I work in a garden retail store, and tis the season to buy plants (hallelujah). There’s a sudden panic that hits when warm weather comes. Customers know that stores get in fresh material weekly, and if they want the best, and not the picked-over stuff, they better get in there and start buying. Fair enough, although, we keep fresh material coming all year–just FYI.

With this sudden panic comes loads of questions. Here are a few of the staff’s favorites.

1. Do you carry Japonica?

Yes, we do! Lots of them. Katsura japonica is my favorite tree. There’s Kerria japonica and it’s great because it blooms nicely in shade. Chaenomeles japonica is blooming now. The red blooms of the ‘Texas Scarlett’ are stunning.  Oh? You want an evergreen? Cryptomeria japonica is great. There’s

white house, say no to the task, yes to the person, transplanted and still blooming, cinthia milner

Say No to the Task. Say Yes to the Person.

Is no your favorite word? It has been mine. Not so much anymore, although I’m a bit late joining the yes wagon.

Why do we gravitate to no?

When my kids were little, before they even finished their sentence, I was already on NO. They tricked me a few times. “Mom, you want us to clean the bathrooms?” No. Oh, wait a minute. What did you say? Of course, I wasn’t listening, but it’s more than that, isn’t it? Something in our DNA makes us want to say no.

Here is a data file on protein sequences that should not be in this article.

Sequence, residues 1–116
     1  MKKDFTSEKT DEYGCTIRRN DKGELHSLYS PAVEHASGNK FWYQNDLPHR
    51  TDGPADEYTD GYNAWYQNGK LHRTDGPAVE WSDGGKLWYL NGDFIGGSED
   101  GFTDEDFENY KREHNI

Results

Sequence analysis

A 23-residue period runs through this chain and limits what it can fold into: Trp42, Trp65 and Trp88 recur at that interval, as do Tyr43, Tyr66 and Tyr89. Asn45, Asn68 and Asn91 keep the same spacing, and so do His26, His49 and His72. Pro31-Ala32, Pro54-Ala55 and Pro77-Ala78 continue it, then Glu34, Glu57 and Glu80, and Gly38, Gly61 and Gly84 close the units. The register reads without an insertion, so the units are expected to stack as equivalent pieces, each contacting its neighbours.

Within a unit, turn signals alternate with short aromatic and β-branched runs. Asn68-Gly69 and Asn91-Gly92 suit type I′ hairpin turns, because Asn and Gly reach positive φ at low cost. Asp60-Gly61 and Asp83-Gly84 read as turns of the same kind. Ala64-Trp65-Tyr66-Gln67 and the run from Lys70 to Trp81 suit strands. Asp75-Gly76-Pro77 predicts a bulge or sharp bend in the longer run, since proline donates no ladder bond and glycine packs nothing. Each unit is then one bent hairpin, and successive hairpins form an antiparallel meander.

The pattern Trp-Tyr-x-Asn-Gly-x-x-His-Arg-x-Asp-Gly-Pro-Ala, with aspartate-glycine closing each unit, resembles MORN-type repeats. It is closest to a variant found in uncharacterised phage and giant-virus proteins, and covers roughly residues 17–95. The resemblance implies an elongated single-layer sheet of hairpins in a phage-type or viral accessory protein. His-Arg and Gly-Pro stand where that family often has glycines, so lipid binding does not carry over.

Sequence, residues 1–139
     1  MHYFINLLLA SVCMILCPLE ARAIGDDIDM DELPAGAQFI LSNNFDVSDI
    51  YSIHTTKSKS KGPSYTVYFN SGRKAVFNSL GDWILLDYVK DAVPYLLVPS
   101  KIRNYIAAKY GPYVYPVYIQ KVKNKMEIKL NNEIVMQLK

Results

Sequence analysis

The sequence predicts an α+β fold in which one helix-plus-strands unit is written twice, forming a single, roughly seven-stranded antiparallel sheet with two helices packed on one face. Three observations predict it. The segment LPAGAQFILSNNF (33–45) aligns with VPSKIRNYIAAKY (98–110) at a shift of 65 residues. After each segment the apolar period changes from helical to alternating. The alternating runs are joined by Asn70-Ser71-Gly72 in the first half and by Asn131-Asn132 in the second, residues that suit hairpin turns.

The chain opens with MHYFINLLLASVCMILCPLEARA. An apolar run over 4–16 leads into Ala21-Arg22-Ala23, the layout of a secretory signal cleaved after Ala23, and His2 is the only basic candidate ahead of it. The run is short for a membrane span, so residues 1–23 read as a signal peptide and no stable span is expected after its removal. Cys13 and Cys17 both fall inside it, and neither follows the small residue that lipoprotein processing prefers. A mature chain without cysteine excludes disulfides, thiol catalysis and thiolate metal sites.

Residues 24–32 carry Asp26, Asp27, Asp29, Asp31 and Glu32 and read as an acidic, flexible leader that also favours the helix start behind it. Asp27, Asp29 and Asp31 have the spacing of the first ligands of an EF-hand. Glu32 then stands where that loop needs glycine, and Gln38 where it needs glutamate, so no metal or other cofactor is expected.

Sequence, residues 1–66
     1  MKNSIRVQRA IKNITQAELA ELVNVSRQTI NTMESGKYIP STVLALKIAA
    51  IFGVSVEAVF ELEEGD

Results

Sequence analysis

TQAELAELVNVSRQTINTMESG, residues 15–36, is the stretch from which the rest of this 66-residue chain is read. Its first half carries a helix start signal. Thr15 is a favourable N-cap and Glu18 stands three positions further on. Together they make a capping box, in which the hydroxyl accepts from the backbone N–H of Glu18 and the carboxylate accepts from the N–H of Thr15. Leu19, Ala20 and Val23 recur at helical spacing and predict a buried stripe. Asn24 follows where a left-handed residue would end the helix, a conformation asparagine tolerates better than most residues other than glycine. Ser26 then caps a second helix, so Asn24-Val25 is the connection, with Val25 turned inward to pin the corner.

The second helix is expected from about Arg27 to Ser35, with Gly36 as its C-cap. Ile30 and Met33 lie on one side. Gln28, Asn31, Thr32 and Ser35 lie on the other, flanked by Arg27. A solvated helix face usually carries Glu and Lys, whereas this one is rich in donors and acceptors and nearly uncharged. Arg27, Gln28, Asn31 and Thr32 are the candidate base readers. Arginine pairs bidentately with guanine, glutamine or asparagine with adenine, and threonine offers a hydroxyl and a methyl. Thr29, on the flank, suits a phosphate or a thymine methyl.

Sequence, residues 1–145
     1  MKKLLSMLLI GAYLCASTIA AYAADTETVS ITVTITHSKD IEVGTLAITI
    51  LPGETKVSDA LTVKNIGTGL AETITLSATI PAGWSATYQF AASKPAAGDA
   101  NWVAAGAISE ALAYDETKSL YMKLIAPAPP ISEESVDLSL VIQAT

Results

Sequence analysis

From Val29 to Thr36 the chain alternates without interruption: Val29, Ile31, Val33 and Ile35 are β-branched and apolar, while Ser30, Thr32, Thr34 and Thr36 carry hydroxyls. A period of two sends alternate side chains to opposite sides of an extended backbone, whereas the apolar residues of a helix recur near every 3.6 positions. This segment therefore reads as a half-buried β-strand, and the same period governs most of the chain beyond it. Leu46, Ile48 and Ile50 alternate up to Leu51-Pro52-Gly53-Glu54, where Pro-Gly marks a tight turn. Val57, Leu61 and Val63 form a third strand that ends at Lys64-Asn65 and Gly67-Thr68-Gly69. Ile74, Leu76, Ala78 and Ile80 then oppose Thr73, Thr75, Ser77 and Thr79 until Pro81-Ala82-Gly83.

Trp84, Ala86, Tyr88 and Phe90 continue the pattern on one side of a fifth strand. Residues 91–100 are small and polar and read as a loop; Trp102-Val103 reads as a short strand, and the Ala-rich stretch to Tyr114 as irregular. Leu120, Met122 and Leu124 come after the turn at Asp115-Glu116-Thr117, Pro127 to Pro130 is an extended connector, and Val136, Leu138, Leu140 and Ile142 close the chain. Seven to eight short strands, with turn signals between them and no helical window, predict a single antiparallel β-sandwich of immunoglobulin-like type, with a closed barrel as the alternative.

Or is it because we’re told no, over and over? So that, after a while, we quit asking or speaking. Got a boss that only has a no vocabulary, and so you’ve given up with the ideas? You just quit bringing new thoughts or new suggestions to the table because you already know they’ll be tabled? Or a spouse

conifer garden, transplanted and still blooming, cinthia milner, jon merrill

Cool Conifer Garden Pictures (You have to see these!)

Here are some great conifer pictures taken and shared by Jon Merrill, General Manager at the store. Feast your eyes on color, texture and year-round enjoyment in the garden.

 

 

For the how-to of planning and growing a conifer garden, click here.

 

 

 

jappalachian gardens, transplanted and still blooming, conifer gardens, cinthia milner, jon merrill

Jappalachian Gardens

(What’s a Conifer Garden with Jon Merrill)

The picture at the top of this page makes your heart hurt, right? Who knew conifers could be so beautiful and varied, and, for pete’s sake, combine to make a such a statement of a garden? My boss, that’s who. He’s the general manager for the store where I am employed, the buyer for our conifers, a past Duke University football captain, a husband, a father, a worship leader, and yes, a serious conifer lover. So, I’ll let him tell you about conifers and why you want a conifer garden, because you do, you really, really do, want a conifer garden. (One and done, anyone?)

Let’s start with the basics. What is a conifer? 

Simple definition is a plant that bears cones.  Like every definition, there are some exceptions to the rule, such as junipers and yews the produce berries or fruit.

So,